What's with the Pig's Blood in My Dessert?
Every once in a while someone mistakes Scott for a food expert and risks ruining dinner by trusting him to answer to a burning question. Got a question about food or restaurants? Send it via Twitter @scottreitz, Facebook @ Cityofate or in the comments.
Robyn Folmar (@Theburbanist): Can someone explain the use of pig's blood in desserts? Heavy or lack of flavor? Congealer? Seeing a lot of it. @beyondthekit @scottreitz
Lots of cultures use of blood in their cooking. Vietnamese pig's blood porridge makes use of large blocks of congealed pigs blood with the consistency of soft tofu. It's also a common addition to charcuterie like the french boudin noir, a sausage whose forcemeat is bound in coagulated pigs blood.
Harold McGee's On Food and Cooking has a single reference to blood in cooking, noting that the French make use of chicken's blood in the traditional recipe for coq au vin. Albumin (one of the proteins contained in blood) acts as a thickening agent for the stew when heated above 167-degrees F. It's probably these thickening properties that's causing you to see blood as an ingredient in your dessert recipes, though it really depends on the type of recipes you're encountering.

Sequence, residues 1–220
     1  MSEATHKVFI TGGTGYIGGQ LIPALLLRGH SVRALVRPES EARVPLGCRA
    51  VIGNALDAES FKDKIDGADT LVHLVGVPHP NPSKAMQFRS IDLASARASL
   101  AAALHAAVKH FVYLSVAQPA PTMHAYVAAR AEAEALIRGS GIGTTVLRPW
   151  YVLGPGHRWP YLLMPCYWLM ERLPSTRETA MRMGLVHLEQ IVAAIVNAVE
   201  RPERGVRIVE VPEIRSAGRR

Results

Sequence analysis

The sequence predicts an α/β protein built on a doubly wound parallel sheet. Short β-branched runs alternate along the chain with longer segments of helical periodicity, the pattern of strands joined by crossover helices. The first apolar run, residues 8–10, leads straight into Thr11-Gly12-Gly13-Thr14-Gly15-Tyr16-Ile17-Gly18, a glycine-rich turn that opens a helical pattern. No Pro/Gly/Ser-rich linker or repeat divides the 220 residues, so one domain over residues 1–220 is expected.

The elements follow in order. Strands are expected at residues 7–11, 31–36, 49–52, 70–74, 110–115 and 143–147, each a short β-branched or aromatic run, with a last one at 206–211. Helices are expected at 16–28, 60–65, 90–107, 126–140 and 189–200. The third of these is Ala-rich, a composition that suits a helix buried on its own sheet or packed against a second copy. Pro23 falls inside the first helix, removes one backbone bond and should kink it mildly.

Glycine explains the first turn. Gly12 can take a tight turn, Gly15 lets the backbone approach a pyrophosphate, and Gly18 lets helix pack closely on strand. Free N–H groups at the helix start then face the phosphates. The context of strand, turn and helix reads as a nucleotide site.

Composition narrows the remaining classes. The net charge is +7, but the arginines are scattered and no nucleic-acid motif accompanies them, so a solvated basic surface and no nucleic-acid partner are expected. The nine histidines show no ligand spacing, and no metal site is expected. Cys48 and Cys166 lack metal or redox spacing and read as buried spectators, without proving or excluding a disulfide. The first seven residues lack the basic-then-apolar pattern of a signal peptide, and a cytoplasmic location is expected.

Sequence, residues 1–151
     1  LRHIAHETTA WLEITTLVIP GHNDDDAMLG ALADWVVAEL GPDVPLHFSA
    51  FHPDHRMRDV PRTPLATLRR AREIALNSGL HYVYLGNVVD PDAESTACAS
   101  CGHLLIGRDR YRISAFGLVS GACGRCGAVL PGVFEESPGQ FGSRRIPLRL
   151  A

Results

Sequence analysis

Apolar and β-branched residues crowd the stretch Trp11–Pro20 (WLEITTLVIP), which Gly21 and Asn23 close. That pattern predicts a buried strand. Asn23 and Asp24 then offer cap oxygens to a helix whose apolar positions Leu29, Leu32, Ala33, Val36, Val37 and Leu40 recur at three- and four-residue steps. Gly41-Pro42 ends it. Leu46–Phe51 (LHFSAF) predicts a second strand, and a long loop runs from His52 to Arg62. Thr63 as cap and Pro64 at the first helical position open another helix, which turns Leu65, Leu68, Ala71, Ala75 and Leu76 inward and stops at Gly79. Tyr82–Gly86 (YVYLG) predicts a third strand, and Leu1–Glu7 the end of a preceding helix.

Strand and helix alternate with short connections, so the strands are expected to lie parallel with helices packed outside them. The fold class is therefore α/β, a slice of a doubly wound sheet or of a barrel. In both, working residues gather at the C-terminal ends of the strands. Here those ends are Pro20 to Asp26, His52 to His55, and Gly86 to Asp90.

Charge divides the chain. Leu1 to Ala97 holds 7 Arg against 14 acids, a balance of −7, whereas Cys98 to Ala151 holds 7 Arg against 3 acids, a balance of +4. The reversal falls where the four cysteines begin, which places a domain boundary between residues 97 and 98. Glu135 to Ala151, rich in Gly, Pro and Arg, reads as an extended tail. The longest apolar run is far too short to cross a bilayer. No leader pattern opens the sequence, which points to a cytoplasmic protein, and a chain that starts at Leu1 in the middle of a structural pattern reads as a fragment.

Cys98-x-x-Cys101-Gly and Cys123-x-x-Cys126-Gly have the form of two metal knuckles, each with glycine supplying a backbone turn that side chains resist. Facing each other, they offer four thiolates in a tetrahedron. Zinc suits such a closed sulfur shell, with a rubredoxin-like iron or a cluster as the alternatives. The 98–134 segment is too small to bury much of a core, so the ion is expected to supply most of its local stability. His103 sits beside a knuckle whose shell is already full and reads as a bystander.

Some rural Italians have a taste for sanguinaccio: a pudding (not at all like the English black pudding) flavored with chocolate and thickened with blood. The dish is often made in the winter from the blood of a freshly slaughtered pig, which adds density, viscosity and richness to the dish. As for flavor, blood is quite bland, and as an ingredient it will take on whatever flavors are predominant in the dish.
You'll have a hard finding fresh pig's blood in Dallas, but the frozen variety is available at some Asian markets. I saw it myself at the Hiep Thai market in Richardson.